Pregnant Workers Fairness Act Reintroduced

Allen Smith, J.D. By Allen Smith, J.D. March 5, 2021
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​Employers will be required to reasonably accommodate workers and job applicants who need accommodations due to pregnancy, childbirth and related medical conditions if the recently reintroduced Pregnant Workers Fairness Act is enacted.

The bill passed the U.S. House of Representatives last September by a 329-73 vote but fizzled in the Senate. Reintroduced in the House in February, "the prospects of passage are much brighter now than in the past," said Rae Vann, an attorney with Carlton Fields in Washington, D.C., and Hartford, Conn. Democrats and Republicans are tied 50-50 in the Senate, and Vice President Kamala Harris has the tie-breaking vote, though 60 votes are needed to break a filibuster.

In the previous Congress, the Society for Human Resource Management (SHRM) supported the bill, which would clarify employers' obligations and employees' rights. The bill "provides important workplace protections for pregnant workers, while ensuring employers have flexibility and clarity regarding how best to ensure pregnant employees can remain in the workplace," SHRM wrote in a September 2020 letter to House Speaker Nancy Pelosi, D-Calif., and House Minority Leader Kevin McCarthy, R-Calif.

The legislation "closely aligns with the Americans with Disabilities Act (ADA), triggering a familiar, interactive process once an employee requests an accommodation to perform essential functions of her position," SHRM wrote. "Importantly, leave may be provided as an accommodation only after the interactive process cannot identify a reasonable accommodation within the workplace."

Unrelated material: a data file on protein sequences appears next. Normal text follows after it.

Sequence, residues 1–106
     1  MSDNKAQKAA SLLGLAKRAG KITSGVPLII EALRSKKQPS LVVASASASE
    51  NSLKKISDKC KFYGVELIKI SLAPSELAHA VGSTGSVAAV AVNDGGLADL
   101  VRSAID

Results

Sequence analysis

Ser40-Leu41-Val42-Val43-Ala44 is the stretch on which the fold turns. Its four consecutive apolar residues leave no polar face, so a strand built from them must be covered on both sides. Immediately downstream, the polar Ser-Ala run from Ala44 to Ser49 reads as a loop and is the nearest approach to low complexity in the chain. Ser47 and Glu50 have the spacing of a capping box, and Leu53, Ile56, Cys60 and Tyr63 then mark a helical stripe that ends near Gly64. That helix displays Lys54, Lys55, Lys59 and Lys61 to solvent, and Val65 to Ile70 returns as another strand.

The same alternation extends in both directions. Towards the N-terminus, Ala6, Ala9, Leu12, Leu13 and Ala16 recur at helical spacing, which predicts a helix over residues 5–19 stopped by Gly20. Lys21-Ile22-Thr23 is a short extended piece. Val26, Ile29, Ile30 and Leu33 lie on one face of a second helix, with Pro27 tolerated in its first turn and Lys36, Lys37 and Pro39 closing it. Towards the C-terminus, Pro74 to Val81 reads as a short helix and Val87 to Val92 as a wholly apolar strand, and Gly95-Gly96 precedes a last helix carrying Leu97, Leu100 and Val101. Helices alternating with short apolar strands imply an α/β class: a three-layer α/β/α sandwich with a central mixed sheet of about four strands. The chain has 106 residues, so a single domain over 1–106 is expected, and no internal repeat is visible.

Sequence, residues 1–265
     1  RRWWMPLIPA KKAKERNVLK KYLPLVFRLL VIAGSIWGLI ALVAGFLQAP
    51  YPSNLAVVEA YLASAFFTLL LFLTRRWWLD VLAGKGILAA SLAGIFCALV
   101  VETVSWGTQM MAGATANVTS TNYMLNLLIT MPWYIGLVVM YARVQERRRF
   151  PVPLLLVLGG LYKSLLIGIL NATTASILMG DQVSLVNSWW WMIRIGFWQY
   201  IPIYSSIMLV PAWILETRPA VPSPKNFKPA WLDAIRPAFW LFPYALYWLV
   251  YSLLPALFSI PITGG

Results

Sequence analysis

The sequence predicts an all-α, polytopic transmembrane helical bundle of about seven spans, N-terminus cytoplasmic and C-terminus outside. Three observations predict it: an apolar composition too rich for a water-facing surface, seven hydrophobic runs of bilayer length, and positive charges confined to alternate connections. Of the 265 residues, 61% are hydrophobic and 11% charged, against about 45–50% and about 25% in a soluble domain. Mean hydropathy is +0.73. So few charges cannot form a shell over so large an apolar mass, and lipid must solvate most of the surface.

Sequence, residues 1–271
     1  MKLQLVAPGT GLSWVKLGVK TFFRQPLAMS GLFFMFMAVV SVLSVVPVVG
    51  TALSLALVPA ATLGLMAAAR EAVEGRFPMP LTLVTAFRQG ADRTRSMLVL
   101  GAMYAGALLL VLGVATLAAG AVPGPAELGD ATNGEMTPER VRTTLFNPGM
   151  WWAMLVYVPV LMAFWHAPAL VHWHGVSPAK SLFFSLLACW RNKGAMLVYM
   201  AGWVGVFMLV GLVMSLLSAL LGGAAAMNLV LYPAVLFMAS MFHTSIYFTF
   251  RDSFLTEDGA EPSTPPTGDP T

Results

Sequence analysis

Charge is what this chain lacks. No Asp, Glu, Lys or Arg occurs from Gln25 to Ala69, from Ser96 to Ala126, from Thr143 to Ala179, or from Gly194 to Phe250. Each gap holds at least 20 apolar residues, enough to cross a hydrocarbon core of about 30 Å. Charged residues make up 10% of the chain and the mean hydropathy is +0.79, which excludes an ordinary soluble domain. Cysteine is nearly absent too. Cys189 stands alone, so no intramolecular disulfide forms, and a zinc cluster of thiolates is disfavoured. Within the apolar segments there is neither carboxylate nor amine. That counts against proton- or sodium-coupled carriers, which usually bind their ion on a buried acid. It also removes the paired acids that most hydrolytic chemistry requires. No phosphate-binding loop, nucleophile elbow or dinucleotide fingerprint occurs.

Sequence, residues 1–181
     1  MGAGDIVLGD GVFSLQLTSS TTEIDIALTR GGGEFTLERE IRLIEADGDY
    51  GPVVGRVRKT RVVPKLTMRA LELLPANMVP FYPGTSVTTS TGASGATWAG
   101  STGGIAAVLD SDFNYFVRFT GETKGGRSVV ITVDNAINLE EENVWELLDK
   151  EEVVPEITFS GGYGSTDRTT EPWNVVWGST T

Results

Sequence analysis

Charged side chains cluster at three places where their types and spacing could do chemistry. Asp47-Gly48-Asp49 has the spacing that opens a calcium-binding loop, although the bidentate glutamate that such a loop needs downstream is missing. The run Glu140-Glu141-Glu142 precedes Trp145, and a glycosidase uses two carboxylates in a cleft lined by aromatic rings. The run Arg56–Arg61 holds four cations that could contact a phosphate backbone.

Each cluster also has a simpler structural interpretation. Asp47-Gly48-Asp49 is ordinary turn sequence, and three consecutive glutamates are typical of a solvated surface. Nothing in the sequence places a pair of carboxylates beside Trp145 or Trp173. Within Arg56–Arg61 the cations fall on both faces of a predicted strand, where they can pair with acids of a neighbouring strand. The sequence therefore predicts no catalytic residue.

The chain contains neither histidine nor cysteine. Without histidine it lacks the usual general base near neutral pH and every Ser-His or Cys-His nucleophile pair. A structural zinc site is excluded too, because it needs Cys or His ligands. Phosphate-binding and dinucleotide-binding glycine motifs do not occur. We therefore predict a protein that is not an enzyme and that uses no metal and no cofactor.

Current Law

Currently, there is no right under Title VII of the Civil Rights Act of 1964, as amended by the 1978 Pregnancy Discrimination Act (PDA), to workplace pregnancy accommodations, Vann said. Reasonable accommodations under the ADA are available only to qualified individuals with disabilities, including those disabilities related to pregnancy.

At least 31 states and the District of Columbia have passed bills similar to the Pregnant Workers Fairness Act, she added.

In Young v. UPS, the Supreme Court held that when an employer accommodates workers who are similar to pregnant workers in their ability to work, it cannot refuse to accommodate pregnant workers who need accommodation simply because it is more expensive or less convenient to accommodate pregnant women, said Sarah David Heydemann, senior counsel for education and workplace justice at the National Women's Law Center in Washington, D.C.

"The Young decision was an important victory for pregnant workers, but the multi-step balancing test it set out still left many important questions unanswered and created uncertainty about when exactly the PDA requires pregnancy accommodations," she said.

Young meant that an employer that reasonably accommodated employees with disabilities or who provided light duty to employees with on-the-job injuries was, in effect, required to make reasonable accommodations for pregnancy and related conditions, said Robin Shea, an attorney with Constangy, Brooks, Smith & Shea in Winston-Salem, N.C.

The Pregnant Workers Fairness Act "would make it crystal clear that employers are obligated to make reasonable accommodation for pregnancy and related conditions," Shea said. "After Young, many employers did not understand this, and the Equal Employment Opportunity Commission had quite a few settlements involving employers who thought they were required only to avoid discriminating against employees based on pregnancy."